August 15, 1950
The part of the line held by the 35th Infantry-covering as it did the main Masan-Chinju highway, the railroad, and the Nam River corridor, and forming the hinge with the 24th Division to the north-was potentially the most critical and important sector of the 25th Division front. Lt. Col. Bernard G. Teeter's 1st Battalion held the regimental left west of Komam-ni; Colonel Wilkins' 2nd Battalion held the regimental right along the Nam River. Maj. Robert L. Woolfolk's 3rd Battalion (1st Battalion, 29th Infantry)1st Battalion, 29th [20-now 3rd Battalion, 27 Infantry], was in reserve on the road south of Chirwon from where it could move quickly to any part of the line.
September 16, 1950
To carry out his plan, Kean organized a composite battalion-sized task force on September 16 under command of Major Robert L. Woolfolk, commanding officer of the 3rd Battalion, 35th Infantry, and ordered it to attack Battle Mountain and P'il-bong the next day, with the mission of restoring the 24th Infantry positions there.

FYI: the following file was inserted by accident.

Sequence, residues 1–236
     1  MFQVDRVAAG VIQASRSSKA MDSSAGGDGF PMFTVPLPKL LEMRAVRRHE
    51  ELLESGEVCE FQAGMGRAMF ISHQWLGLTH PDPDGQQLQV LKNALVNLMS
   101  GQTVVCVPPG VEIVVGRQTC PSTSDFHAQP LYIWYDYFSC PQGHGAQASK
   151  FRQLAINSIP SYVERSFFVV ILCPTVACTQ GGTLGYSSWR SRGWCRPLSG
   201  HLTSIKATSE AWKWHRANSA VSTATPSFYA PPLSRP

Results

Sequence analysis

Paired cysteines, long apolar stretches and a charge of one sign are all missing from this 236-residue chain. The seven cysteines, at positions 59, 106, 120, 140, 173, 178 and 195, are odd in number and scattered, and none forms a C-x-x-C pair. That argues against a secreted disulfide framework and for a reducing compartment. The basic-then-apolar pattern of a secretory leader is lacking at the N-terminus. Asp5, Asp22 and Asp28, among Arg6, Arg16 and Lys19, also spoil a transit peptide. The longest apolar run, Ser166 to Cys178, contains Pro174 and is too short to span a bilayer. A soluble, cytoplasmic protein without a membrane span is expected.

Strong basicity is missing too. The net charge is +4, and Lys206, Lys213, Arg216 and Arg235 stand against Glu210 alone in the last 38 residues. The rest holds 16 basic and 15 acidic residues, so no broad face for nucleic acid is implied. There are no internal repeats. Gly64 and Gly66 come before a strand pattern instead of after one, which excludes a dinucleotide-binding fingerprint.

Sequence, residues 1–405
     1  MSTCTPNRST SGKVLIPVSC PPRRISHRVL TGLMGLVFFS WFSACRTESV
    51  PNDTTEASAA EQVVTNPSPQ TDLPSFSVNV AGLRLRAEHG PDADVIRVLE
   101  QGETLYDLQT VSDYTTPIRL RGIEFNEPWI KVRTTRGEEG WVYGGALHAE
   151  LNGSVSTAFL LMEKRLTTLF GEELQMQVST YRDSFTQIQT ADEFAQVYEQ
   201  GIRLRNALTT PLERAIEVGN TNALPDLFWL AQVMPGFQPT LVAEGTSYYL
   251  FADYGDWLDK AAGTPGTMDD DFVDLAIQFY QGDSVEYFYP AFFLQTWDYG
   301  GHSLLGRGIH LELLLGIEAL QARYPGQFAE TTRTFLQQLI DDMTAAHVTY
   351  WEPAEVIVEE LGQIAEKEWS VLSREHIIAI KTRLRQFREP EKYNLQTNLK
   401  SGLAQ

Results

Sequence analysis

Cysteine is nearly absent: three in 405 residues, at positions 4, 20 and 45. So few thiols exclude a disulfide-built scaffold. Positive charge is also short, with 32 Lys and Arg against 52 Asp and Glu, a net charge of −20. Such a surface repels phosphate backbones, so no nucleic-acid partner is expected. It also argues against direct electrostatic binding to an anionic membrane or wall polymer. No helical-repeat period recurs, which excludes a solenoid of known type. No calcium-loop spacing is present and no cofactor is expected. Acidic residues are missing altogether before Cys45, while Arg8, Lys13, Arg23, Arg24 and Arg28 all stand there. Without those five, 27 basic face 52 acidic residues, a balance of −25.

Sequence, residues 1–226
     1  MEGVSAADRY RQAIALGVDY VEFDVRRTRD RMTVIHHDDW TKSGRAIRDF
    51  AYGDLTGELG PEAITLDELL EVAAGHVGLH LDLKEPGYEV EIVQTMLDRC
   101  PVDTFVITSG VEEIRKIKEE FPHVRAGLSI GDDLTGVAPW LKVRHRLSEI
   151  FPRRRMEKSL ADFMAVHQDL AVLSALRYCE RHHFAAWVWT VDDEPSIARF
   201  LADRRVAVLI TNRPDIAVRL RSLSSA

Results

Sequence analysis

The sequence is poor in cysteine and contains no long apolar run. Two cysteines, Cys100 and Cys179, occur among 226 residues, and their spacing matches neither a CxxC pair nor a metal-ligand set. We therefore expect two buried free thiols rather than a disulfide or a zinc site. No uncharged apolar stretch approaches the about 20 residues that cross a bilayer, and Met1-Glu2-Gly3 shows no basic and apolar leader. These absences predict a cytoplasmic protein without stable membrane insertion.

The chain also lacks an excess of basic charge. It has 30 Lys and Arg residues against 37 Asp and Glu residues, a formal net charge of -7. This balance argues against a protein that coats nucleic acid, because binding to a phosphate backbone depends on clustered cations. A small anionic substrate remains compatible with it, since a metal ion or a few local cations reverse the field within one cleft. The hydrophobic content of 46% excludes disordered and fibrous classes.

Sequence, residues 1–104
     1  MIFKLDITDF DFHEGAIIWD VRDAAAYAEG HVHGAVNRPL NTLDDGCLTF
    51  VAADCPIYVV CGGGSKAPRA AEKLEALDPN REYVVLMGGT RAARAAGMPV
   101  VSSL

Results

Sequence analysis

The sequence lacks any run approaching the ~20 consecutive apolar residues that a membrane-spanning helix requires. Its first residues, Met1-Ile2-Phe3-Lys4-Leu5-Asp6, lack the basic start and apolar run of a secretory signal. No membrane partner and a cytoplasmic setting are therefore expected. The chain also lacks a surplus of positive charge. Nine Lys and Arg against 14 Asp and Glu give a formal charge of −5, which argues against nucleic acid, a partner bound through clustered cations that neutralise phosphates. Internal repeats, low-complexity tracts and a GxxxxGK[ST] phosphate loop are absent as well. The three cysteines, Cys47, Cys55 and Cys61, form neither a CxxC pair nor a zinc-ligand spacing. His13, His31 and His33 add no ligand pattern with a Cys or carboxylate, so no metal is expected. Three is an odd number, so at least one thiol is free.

September 17, 1950
On September 17–18 the task force repeatedly attacked these heights, heavily supported by artillery fire from the 8th and 90th Field Artillery Battalions and by numerous air strikes, but North Korean automatic fire from the heights drove back the assaulting troops every time with heavy casualties. Within one day, A Company, 27th Infantry, alone suffered 57 casualties.
September 18, 1950
The 24th Infantry bogged down behind Battle Mountain. Woolfolk's force abandoned its effort to drive the North Korean from the peaks after its failure on September 18, and the task group was dissolved the next day.